Nicholas K. Akins -- Chairman, President and Chief Executive Officer

Yes. So, we've certainly gone through the basic requirements for the RFPs for all of these areas. But, as we go through that process, there is -- at APCO, we issued an RFP there for 300 megawatts of solar and wind resources, really for a completion date of 2023 or 2024. And then, in May of 2021, APCO issued an RFP to obtain, I guess was, 100 megawatts of solar and wind energy via PPA and RFP for the renewable energy certificates only, which is consistent with the Virginia and what their requirements are.

And then, SWEPCO issued an RFP for own resources up to 3,000 megawatts of wind and up to 300 megawatts of solar resources with optional battery storage, by the way, that can achieve completion by 2024 to 2025. And they are also seeking 200 megawatts of capacity in the '23, '24 range, another 250 in the '25 to '27 range. So, those bids are due in mid August.

And then, at PSO, in June, we notified the regulators that we intend to issue an RFP seeking up to 2600 megawatts of wind and up to 1350 megawatts of solar, again with options for battery storage consideration, and that's meeting capacity needs by 2025. So -- and then, PSO plans to issue the RFP in October of this year. So, those are the ones that are on the board right now and have really some near-term related requirements and most are capacity-related requirements.

So -- and again, they're being done pretty much the same way as the others with North Central -- that we will certainly do more of a turnkey type of thing, where we take ownership at the time, if it gets approved in rate. And then, of course, we'll go through the process of approvals by the various commissions along the way. So -- but, that's the plan right now. And then, we'll continue to, in fact, we're spending a lot of time with our Board, focused on the strategies related to these types of filings and the plan, long term. And it's important for everyone to understand this is going to be a continual process and you're just seeing the first part of these really driven by capacity requirements and not just sort of an energy convenience. So, I think they're really good to go out with right now and that's what we have at this point.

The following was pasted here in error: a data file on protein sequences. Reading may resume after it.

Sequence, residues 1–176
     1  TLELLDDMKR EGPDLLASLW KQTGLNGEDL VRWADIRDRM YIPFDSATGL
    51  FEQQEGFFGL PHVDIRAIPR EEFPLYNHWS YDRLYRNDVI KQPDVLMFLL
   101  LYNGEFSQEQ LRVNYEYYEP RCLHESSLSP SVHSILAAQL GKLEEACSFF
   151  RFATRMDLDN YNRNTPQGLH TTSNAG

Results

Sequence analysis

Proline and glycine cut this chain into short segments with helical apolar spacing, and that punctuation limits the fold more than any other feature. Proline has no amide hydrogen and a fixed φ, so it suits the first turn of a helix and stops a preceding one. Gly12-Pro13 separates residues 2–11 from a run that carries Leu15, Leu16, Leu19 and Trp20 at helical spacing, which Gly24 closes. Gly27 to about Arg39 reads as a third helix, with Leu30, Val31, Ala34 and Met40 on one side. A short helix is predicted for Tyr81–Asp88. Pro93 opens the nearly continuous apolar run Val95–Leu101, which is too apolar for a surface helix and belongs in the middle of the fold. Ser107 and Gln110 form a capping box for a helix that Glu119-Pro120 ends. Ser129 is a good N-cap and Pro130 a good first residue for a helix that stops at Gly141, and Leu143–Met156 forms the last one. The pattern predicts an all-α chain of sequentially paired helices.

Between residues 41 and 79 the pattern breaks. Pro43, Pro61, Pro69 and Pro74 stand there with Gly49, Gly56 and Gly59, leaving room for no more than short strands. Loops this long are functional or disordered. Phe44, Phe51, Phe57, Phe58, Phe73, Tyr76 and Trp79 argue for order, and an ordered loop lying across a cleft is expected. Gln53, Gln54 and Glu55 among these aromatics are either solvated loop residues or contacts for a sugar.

Stephen Byrd -- Morgan Stanley -- Analyst

That's really helpful. That's all I had. Thank you.

Operator

Thank you. Our next question comes from the line of Jeremy Tonet with JP Morgan. Please go ahead.

Jeremy Tonet -- JP Morgan -- Analyst

Hi, good morning.

Nicholas K. Akins -- Chairman, President and Chief Executive Officer

Good morning, how are you doing?

Jeremy Tonet -- JP Morgan -- Analyst

Good, good.

Just wanted to pick up on Kentucky a little bit more, if that's possible. And just want to know if you might be able to comment in any degree to whether the strategic review process has received more interest from strategic or financial players?

And then as well, kind of given strong prices achieved in recent industry transactions and the strong interest we had in Kentucky, has this process made you thought about more asset rotation beyond Kentucky to increase balance sheet headroom overall?

Nicholas K. Akins -- Chairman, President and Chief Executive Officer

Yeah. So, for the first question, we started off this process saying that we expected to get strategics and financials, and we have strategics and financials; so, both are involved.

And then, as far as your second question is concerned, as I said earlier, with the Foo Fighters' dialog, this is going to be a continual process for us and that we're practically fully regulated. So, we have the opportunities to look at, if we're building 16.6 gigawatts of renewables resources during a transition, then we got to have everything on the table in terms of sources and uses. So, we're going to go through that process. And, of course, Kentucky is sort of a first stop. and -- but we'll continue to evaluate our assets as sources. And if it makes sense based upon what the other opportunities are, then that's the kind of framework that we want to move this company toward.

Jeremy Tonet -- JP Morgan -- Analyst

Got it. That's helpful, thanks for that.